The court severed the record-keeping, inquiry, and anti-harassment provisions, so that other provisions of the FOPA stay on the books. These include a provision relating to firearm inquiries by emergency medical professionals, a provision allowing patients to decline to answer questions about firearm ownership, the anti-discrimination provision, a provision prohibiting insurers from discriminating against gun owners, and a provision stating that a violation of any of these constitutes grounds for disciplinary action.
Thursday, February 16, 2017
In its unanimous opinion in State v. Arlene's Flowers, the Supreme Court of Washington upheld the Washington Law Against Discrimination including sexual orientation as applied to a business that refused to provide wedding flowers for a same-sex wedding.
The owner of Arlene's Flowers argued that the anti-discrimination statute was not applicable to her and if it did, it violated her constitutional rights of free speech, free exercise, and free association under the First Amendment as well as under the Washington state constitution.
On the First Amendment claims, the court found that Arlene's Flowers argument regarding compelled speech failed because the owner's flower arranging did not meet the threshold of expression. The court relied on Rumsfeld v. FAIR to hold that the owner's
decision to either provide or refuse to provide flowers for a wedding does not inherently express a message about that wedding. As [she] acknowledged at deposition, providing flowers for a wedding between Muslims would not necessarily constitute an endorsement of Islam, nor would providing flowers for an atheist couple endorse atheism. [She] also testified that she has previously declined wedding business on "[m]ajor holidays, when we don't have the staff or if they want particular flowers that we can't get in the time frame they need." Accordingly, an outside observer may be left to wonder whether a wedding was declined for one of at least three reasons: a religious objection, insufficient staff, or insufficient stock.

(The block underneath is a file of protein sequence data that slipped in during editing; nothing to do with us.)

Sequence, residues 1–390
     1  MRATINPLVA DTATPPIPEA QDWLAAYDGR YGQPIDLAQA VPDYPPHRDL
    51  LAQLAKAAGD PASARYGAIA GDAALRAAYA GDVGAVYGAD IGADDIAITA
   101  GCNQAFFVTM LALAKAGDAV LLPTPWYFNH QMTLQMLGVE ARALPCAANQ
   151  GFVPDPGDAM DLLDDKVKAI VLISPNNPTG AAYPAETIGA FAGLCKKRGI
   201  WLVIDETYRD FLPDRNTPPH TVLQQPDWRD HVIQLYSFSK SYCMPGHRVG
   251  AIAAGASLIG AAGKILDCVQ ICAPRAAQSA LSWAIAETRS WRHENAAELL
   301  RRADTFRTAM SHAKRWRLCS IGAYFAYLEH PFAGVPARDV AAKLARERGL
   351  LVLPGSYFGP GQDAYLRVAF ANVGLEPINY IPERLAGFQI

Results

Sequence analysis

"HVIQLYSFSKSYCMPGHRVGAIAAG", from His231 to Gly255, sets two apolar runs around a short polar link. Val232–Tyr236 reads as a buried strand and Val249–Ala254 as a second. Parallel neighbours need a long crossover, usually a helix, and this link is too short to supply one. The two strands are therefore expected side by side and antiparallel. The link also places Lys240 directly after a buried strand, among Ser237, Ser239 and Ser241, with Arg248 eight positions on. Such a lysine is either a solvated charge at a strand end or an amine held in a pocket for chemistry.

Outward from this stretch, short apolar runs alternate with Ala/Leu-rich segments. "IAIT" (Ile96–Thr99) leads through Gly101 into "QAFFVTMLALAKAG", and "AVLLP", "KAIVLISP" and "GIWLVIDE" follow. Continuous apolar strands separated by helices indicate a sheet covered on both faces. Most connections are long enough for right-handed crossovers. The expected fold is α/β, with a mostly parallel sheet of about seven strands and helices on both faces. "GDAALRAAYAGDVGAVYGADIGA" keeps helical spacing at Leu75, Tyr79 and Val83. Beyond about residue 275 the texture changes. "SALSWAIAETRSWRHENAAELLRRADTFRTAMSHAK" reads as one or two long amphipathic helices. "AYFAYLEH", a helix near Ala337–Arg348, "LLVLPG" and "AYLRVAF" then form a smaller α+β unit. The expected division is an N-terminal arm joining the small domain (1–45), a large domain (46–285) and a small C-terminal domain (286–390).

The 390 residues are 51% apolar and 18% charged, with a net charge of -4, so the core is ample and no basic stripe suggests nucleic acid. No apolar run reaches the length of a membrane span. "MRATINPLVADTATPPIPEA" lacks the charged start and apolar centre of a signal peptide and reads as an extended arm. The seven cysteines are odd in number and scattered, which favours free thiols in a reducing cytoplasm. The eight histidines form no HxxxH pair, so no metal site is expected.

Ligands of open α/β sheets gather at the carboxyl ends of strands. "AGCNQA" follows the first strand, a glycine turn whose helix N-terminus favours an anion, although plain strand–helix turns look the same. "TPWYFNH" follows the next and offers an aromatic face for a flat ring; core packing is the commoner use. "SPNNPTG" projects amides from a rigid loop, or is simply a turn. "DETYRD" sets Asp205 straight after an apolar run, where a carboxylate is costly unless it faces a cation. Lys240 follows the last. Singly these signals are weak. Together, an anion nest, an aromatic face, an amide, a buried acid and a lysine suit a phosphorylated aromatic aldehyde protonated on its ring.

The court rejected the applicability of Hurley v. Irish-American Gay, Lesbian & Bisexual Group of Boston (1985), as well as a litany of other United States Supreme Court cases regarding this threshold of expression. In essence, the court emphasized that it was the sale of all flowers from her shop rather than any particular floral arrangement that was at issue in the case.
On the Free Exercise claim, the court rejected Arlene's Flowers' argument that the Washington ant-discrimination law was not a neutral one of general applicability and should therefore warrant strict scrutiny. Instead, the court applied the rational basis standard of Employment Division, Department of Human Resources of Oregon v. Smith, which the Washington anti-discrimination easily passed.
However, the analysis of free exercise under the Washington state constitution, article I §11 was not so simple because Washington has not always adopted the Smith standard when reviewing claims under its state constitution. Nevertheless, the court found that even subjecting the Washington anti-discrimination law to strict scrutiny, the statute survives. The court "emphatically" rejected the claim that there was no compelling interest of the state in flowers for weddings: the "case is no more about access to flowers than civil rights cases in the 1960s were about access to sandwiches."